China is set to pass a new law that would restrict sensitive exports vital to national security, expanding its toolkit of policy options as competition grows with the US over access to technologies that drive the modern economy.
The Chinese National People’s Congress Standing Committee, the country’s top legislative body, is expected to adopt the measure in a session that concludes today.
The export control draft law primarily aims to protect China’s national security by regulating the export of sensitive materials and technologies that appear on a control list. It would apply to all companies in China, including foreign-invested ones.
The measure would add to Beijing’s regulatory arsenal, which also includes a tech export restriction catalog and an unreliable entity list.
The draft law would also help put China on a similar footing to the US, which regularly uses export controls and licenses strategically against its adversaries.
Mounting tensions between China and the US have spilled over into the realm of technology. Big Chinese companies and brands, including Huawei Technologies Co (華為), ByteDance Ltd’s (字節跳動) TikTok, Tencent Holdings Ltd’s (騰訊) WeChat and Semiconductor Manufacturing International Corp (中芯) find themselves in Washington’s crosshairs.
“Chinese authorities may have learned a lesson from the US and other countries,” said Qing Ren (任清), a partner at Global Law Office in Beijing.
A report by Chinese state-run Xinhua news agency said that the draft law stipulates that China could take reciprocal measures against a certain country or region that has “abused export control measures and damaged China’s national security and interests.”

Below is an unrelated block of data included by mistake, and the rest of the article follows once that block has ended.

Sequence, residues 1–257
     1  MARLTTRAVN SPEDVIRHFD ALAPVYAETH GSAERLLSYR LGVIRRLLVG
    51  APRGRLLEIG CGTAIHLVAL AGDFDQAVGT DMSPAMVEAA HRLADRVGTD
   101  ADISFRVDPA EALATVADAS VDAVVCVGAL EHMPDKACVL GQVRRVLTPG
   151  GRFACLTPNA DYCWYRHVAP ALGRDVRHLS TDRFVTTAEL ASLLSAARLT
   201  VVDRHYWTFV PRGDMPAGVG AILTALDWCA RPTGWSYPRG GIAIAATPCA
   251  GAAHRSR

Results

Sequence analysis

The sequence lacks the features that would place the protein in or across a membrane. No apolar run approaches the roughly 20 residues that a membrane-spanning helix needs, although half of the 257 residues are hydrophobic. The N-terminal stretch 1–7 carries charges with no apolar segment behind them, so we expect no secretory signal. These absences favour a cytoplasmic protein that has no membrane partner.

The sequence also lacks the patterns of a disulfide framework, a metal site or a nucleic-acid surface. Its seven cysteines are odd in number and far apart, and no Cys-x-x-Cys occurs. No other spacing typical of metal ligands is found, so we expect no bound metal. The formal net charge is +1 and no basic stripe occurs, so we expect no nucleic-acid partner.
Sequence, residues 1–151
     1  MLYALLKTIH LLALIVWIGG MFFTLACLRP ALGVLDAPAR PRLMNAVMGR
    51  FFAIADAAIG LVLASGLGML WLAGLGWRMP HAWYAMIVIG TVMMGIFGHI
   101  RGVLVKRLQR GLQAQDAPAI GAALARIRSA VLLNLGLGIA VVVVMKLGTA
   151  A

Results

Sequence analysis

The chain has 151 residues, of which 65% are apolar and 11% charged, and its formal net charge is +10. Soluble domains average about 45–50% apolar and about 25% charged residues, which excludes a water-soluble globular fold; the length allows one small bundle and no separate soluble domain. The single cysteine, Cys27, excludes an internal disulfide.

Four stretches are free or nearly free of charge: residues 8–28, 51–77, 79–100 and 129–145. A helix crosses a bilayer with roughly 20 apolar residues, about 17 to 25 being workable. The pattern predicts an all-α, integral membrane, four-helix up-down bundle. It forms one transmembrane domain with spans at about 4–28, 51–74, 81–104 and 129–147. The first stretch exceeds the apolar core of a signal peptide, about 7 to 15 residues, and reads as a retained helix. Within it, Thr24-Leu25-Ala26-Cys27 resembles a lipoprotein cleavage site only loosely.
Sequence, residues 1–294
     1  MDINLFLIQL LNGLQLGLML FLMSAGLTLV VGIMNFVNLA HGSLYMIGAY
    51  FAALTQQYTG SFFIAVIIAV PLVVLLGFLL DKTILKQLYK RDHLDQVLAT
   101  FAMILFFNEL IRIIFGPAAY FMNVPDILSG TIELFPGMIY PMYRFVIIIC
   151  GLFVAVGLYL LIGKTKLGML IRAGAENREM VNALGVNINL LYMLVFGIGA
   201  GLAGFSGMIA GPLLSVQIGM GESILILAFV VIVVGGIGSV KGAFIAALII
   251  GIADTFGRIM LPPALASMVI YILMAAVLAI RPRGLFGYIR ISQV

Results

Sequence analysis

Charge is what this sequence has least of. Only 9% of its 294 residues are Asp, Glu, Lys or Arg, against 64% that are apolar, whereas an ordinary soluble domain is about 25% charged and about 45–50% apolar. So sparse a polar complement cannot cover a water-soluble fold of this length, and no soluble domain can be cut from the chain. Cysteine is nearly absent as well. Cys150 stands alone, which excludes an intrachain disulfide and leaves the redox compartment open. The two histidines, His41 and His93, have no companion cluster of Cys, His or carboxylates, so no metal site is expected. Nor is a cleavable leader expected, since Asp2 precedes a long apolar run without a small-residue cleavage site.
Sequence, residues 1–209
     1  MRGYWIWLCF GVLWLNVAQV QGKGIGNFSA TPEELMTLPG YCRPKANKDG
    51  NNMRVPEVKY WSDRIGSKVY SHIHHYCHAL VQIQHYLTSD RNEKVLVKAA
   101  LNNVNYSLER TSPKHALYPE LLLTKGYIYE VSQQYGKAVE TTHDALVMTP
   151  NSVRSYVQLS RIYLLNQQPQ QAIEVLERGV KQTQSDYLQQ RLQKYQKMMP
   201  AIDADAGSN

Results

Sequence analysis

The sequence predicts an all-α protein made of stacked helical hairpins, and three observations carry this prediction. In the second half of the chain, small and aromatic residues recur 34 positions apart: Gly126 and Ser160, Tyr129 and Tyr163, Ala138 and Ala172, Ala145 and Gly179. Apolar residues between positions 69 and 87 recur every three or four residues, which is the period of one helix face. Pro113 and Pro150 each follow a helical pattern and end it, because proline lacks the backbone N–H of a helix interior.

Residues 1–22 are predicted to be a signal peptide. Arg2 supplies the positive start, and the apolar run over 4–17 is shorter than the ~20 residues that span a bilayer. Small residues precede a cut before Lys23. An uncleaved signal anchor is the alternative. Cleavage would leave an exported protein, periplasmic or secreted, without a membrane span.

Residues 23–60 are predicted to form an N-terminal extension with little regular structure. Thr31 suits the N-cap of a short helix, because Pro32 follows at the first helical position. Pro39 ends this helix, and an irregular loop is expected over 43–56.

The official Legal Daily on Thursday reported that some legislators had suggested source code, algorithms and technical documents be added as controlled items, and that China should set up some restrictions on exporting technologies on which Beijing has a competitive edge, such as 5G and quantum communications.
Whether Beijing will allow the export of valuable Chinese technology is one of the biggest uncertainties hovering over the partial sale of TikTok to Oracle Corp and US investors.
China in August asserted the right to block the deal by adding speech recognition and recommendation technology — the core of TikTok’s global popularity — to a list of regulated exports.
The existing control lists are much narrower than the one used by the US, staying limited to materials that could be used for nuclear, chemical or biological weapons, Ren said.
If the list is expanded “then more products or technologies will be subject to export control in China,” he said.
US officials have warned that Huawei — the leader in next-generation wireless patents — controls one-10th of worldwide essential 5G patents, and its deep involvement in international standards-setting could post a threat to US national security.
The company last year ranked among the top 10 recipients of US patents — helping China become the fourth-biggest recipient of US patents, behind Japan and South Korea, but for the first time ahead of Germany.
Chinese companies have also made headway in dominating certain niches. Shenzhen-based SZ DJI Technology Co (大疆創新) controls about three-quarters of the global consumer drones market. Display maker BOE Technology Group (京東方) is aggressively filing patents to get into next-generation OLED screens for smartphones.
In artificial intelligence, companies from Alibaba Group Holding Ltd (阿里巴巴) to Tencent and upstarts like SenseTime Group Ltd (商湯科技) are taking advantage of unparalleled reserves of data to advance in areas such as facial recognition.
When approved, the law would be applied extra-territorially, taking a page from the US Export Administration Regulations’ long-arm jurisdiction that Beijing has frequently criticized.
Officials at the Chinese Ministry of Foreign Affairs have repeatedly accused Washington of stretching and abusing the concept of national security in justifying actions against Chinese companies.
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